Lisa Ginoza and Vladimir Devens advanced to a final vote by the full Senate on Tuesday.
Backed by overwhelming public testimony in support of their nominations, the state Senate Judiciary Committee on Monday voted unanimously to approve Lisa Ginoza and Vlad Devens to serve on the Hawaii Supreme Court.
The nominees await a full 25-member Senate vote Tuesday that is likely to be a formality.
Ginoza, who currently serves as chief judge for the Intermediate Court of Appeals, received 45 letters of written testimony strongly supporting her elevation to the high court. Much of the testimony came from past and present members of Hawaii’s legal community.
Devens, who currently serves as principal at the Law Offices of Vladimir P. Devens, received a similar volume and level of support. Backers included a half dozen major labor union leaders, and only a single person testified in writing against him, without offering a reason.
Both nominees were deemed “qualified” for the high court by the Hawaii State Bar Association, and both were hailed for their local roots in Kailua.
Ginoza has served on the ICA since 2010 and as chief judge since 2018. She was the first deputy attorney general for the state from 2005 through 2010.
Her private practice experience includes civil litigation for 14 years with the law firm of McCorriston Miller Mukai MacKinnon, where she became a partner. Ginoza received her juris doctor degree from the University of Hawaii Manoa William S. Richardson School of Law.
Ginoza was widely praised by her peers for her character, merit and intelligence.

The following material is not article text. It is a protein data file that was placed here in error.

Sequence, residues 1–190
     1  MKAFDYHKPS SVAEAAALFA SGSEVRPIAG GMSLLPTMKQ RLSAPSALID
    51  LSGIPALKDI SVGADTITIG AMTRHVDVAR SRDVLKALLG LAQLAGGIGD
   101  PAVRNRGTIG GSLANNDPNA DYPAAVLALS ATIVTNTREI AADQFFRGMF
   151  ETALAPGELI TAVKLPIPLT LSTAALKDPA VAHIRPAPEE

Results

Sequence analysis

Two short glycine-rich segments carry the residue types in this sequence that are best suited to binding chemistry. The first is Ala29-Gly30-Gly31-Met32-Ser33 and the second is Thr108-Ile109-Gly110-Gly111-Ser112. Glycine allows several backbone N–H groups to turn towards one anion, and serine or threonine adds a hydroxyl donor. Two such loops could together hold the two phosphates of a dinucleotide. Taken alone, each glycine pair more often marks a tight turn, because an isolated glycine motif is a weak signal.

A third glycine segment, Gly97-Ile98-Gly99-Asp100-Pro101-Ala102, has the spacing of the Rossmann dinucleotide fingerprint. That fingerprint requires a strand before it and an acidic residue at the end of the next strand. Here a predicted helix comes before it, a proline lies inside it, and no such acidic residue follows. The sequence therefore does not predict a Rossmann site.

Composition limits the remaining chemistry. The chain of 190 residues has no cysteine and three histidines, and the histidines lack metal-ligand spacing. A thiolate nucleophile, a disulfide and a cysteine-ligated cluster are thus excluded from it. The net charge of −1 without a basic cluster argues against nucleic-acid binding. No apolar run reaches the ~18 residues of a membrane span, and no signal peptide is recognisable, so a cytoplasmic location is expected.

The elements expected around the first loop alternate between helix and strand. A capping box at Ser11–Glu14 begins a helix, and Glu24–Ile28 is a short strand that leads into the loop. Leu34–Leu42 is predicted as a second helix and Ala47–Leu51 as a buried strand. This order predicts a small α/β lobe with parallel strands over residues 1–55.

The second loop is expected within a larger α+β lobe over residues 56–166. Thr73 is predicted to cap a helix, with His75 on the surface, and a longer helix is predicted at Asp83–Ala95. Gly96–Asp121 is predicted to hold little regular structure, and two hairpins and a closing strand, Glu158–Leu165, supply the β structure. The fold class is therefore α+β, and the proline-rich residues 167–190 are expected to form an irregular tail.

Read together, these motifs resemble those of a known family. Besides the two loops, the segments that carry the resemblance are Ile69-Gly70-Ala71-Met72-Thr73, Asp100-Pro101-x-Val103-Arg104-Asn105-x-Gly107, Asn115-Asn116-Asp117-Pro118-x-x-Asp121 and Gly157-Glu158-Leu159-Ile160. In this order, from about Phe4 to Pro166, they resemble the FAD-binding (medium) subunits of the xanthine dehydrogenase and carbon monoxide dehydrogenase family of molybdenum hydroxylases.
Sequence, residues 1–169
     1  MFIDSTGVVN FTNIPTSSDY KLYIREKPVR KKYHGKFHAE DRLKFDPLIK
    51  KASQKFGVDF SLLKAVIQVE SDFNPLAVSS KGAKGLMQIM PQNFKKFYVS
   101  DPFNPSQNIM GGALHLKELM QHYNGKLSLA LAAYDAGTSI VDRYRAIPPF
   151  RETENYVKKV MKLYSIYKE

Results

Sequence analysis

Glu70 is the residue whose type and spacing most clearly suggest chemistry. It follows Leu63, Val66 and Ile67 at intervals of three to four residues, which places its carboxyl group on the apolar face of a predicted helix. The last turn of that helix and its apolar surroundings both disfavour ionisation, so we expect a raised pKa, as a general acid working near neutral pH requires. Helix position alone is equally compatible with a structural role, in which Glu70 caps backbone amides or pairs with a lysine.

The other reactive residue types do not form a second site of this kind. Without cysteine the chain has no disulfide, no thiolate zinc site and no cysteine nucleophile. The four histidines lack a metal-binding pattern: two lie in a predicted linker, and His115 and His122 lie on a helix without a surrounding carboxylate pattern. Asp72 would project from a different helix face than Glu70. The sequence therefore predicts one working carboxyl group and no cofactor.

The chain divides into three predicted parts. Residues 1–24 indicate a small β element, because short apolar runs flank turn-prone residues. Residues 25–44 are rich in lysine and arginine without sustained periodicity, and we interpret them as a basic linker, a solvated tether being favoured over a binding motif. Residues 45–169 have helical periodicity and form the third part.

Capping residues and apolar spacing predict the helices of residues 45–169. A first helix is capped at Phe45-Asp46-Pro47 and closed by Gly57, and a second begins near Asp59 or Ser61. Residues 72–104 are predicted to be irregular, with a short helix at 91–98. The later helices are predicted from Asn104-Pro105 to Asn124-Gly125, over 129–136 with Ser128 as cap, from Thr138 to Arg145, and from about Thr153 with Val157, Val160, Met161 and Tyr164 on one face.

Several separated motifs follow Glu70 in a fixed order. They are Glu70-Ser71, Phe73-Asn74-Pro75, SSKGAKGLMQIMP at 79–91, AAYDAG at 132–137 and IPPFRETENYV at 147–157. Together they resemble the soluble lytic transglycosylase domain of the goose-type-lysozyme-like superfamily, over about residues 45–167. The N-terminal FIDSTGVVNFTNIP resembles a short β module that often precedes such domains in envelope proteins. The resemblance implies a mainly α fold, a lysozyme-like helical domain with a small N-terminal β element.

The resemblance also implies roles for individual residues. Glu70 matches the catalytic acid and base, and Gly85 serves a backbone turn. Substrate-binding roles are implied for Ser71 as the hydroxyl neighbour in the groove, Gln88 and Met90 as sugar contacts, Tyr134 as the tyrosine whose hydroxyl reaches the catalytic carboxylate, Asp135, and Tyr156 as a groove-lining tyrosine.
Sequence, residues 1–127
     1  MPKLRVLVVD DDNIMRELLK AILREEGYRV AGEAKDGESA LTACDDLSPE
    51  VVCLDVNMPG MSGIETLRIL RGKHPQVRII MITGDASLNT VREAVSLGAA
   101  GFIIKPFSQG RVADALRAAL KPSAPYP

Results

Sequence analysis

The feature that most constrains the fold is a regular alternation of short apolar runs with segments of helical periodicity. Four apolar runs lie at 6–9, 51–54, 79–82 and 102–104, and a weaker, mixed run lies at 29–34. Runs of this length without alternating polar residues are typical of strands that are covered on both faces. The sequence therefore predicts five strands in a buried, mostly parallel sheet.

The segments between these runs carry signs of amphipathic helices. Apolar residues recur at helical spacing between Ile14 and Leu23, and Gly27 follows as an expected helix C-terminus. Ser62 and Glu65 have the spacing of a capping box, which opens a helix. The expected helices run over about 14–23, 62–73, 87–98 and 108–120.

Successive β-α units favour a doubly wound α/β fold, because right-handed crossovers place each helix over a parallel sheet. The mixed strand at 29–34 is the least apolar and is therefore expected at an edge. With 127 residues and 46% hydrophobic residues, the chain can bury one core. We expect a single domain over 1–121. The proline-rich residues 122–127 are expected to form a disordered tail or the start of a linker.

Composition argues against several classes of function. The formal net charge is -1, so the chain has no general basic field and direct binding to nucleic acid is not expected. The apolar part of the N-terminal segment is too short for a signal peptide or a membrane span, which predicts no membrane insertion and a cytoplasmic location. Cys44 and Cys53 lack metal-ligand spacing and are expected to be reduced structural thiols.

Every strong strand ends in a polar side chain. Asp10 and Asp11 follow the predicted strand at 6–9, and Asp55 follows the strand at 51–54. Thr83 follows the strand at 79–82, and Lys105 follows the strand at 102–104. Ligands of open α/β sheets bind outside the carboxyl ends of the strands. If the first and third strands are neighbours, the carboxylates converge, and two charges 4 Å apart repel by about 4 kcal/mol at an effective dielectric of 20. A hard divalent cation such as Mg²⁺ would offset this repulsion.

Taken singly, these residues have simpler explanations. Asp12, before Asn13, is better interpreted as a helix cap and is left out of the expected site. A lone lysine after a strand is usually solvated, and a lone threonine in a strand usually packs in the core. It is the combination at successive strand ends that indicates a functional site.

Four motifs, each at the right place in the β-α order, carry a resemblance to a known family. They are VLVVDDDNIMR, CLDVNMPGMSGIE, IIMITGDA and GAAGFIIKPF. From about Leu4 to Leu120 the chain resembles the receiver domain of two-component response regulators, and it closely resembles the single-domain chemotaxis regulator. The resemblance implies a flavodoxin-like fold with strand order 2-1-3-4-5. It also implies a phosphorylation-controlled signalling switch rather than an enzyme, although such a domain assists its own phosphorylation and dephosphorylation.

“From our first year of law school, it was apparent that Judge Ginoza operated on a different plane of understanding and knowledge above and beyond our classmates,” testified Peter Kubota, judge for the Third Circuit Court on Hawaii island.
“She could see the ‘bigger picture’ of legal precedent, as they were being taught,” he added. “Her wisdom, clear and fair thinking, leadership and practicality, make her well-suited to serve Hawaii as a Supreme Court justice.”
Sen. Brandon Elefante, a member of the judiciary committee, asked Ginoza during the confirmation hearing Friday about her view on impartiality in terms of legislation that might come before her.
Ginoza noted that judges don’t get to “pick and choose” the issues that come before them.
“Our role as judges, when we are applying statutory law, it’s absolutely clear our role is to discern the intent of the Legislature in passing this statute, whatever statute we may be looking at — or statutes, often — and to apply them faithfully to the facts in the particular case before us,” she said.
Devens earned his juris doctor degree from the University of California, Berkley School of Law. He has been a partner at the law firms of Meheula, Devens and Winer, and Meheula and Devens.
According to Gov. Josh Green’s administration, Devens has litigated cases at all levels of the state court system, including the Hawaii Supreme Court, the ICA, the Circuit Court, District Court, Family Court and federal courts. Devens’ administrative agency work includes work for the Disability Compensation Division and the Hawaii Labor Relations Board.
The fact that Devens has never worked as a sitting judge or justice was not seen as a liability but rather an asset.